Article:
EL Paso mass shooting labelled domestic terrorism

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US President Donald Trump says hate has no place in the country. Xinhua

EL PASO, Texas (Reuters) – US authorities investigating what drove a young man from the Dallas area to kill 20 people at a Walmart store hundreds of miles away in the border city of El Paso said on Sunday they are treating it as a case of domestic terrorism.

Texas Governor Greg Abbott said Saturday’s rampage appeared to be a hate crime, and police cited a manifesto they attributed to the suspect as evidence that the bloodshed was racially motivated.

The FBI said in a statement on Sunday the attack “underscores the continued threat posed by domestic violent extremists and perpetrators of hate crimes.”

The bureau said it remains concerned that more US-based extremists could become inspired by these and previous high-profile attacks to engage in similar acts of violence. “The FBI asks the American public to report to law enforcement any suspicious activity that is observed either in person or online,” the bureau said.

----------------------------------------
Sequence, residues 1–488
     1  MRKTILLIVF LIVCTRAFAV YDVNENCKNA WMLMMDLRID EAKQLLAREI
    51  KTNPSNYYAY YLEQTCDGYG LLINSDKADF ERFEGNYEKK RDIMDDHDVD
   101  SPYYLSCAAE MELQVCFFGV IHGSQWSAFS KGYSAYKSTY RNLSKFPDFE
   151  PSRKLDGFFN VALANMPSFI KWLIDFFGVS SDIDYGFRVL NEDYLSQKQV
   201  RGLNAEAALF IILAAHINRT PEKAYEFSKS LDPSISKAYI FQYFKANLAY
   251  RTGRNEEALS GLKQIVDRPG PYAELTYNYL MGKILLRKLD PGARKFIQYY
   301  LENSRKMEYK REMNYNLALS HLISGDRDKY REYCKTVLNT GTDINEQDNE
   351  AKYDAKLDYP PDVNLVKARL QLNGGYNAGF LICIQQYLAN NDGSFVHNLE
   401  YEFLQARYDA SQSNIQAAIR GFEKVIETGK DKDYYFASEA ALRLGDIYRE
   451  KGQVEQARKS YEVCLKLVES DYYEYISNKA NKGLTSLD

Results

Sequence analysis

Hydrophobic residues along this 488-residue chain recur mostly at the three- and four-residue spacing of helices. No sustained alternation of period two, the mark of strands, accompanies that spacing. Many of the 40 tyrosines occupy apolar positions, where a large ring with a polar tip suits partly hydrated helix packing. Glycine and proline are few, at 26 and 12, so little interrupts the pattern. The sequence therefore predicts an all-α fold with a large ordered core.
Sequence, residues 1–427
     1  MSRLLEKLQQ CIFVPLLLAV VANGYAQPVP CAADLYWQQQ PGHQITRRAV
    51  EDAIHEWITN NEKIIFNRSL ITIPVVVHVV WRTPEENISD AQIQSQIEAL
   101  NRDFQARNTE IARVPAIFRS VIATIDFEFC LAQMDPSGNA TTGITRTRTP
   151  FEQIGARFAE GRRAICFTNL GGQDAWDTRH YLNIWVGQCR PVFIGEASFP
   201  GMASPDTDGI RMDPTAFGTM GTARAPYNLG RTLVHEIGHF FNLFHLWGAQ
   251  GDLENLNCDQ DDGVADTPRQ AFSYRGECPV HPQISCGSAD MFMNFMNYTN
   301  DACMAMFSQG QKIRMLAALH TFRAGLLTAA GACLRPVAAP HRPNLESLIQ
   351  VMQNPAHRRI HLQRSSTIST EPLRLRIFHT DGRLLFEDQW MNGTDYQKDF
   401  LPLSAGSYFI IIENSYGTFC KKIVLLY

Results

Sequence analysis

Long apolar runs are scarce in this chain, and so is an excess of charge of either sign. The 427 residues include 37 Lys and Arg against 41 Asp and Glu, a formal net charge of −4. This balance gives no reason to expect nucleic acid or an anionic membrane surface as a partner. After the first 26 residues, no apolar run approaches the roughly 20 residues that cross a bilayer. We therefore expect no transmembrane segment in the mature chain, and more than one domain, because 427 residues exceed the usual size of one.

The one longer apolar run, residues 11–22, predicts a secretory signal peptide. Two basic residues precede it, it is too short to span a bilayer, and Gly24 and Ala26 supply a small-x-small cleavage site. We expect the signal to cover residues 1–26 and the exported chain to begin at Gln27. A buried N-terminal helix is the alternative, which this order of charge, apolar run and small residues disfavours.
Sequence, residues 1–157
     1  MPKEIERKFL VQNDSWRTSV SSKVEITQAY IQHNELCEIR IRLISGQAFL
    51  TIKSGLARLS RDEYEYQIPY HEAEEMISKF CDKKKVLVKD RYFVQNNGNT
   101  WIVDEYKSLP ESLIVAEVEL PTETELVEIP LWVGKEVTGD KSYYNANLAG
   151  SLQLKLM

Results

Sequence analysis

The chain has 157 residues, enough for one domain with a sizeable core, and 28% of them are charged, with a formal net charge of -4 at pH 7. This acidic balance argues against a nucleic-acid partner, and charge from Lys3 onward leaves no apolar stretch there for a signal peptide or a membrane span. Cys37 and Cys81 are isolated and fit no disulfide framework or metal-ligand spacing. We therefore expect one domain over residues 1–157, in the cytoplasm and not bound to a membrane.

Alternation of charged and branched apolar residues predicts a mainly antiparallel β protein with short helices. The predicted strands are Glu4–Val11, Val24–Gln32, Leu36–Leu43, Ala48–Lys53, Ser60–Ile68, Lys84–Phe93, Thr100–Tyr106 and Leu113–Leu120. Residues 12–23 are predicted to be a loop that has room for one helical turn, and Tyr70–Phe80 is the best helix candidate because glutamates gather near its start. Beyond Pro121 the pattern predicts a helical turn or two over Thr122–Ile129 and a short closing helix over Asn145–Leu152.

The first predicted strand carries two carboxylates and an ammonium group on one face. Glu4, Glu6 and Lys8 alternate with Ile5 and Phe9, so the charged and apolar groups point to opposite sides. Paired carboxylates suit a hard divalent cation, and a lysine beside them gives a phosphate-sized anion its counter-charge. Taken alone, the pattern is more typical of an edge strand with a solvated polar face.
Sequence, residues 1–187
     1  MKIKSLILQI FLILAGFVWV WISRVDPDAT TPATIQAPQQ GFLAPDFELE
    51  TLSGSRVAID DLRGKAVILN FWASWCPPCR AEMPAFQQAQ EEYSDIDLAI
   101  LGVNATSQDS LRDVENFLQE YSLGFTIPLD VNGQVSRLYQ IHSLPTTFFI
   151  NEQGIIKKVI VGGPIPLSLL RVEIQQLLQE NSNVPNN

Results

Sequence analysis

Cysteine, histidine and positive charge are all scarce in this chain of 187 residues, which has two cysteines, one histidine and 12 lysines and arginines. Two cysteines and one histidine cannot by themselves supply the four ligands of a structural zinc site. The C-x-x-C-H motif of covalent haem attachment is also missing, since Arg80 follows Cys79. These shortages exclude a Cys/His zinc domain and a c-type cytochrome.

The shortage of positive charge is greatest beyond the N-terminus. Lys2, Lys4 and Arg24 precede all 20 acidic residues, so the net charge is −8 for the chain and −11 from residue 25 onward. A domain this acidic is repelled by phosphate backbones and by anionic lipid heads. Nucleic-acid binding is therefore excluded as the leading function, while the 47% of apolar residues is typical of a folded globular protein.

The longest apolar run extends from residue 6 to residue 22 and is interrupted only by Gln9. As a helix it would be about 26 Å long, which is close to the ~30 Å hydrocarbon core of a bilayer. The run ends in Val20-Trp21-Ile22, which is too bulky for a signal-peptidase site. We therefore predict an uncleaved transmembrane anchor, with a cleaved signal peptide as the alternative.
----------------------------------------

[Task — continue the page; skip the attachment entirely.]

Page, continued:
A state prosecutor said they will seek the death penalty for the suspect, Patrick Crusius, 21, of Allen, Texas.

The US attorney for the western district of Texas, John Bash, said federal authorities were treating the massacre as a case of domestic terrorism.

“And we’re going to do what we do to terrorists in this country, which is to deliver swift and certain justice,” Bash told reporters at a news conference on Sunday.

He said the attack appeared “to be designed to intimidate a civilian population, to say the least.”

The shooting happened just six days after the last major outbreak of US gun violence in a public place – a food festival in California where a teenager killed three people with an assault rifle and wounded a dozen others before taking his own life in a hail of police gunfire.

The Texas killings were followed just 13 hours later by another mass shooting in Dayton, Ohio, where a gunman in body armor and a mask killed nine people in less than a minute and wounded 27 others in the city’s downtown historic district before he was shot dead by police.

The shootings reverberated across the political arena on Sunday as Democratic presidential candidates called for stricter gun laws and accused President Donald Trump of stoking racial tensions.

Trump told reporters he would make a statement on Monday morning about the shootings.

“Hate has no place in our country, and we’re going to take care of it,” Trump said. “This is also a mental illness problem, if you look at both of these cases. These are really people that are very, very seriously mentally ill.”

He had previously said on Twitter that the El Paso massacre was “an act of cowardice.”

Police said the El Paso shooting suspect opened fire with a rifle on shoppers, many of them bargain-hunting for back-to-school supplies, then surrendered to officers who confronted him outside the store.

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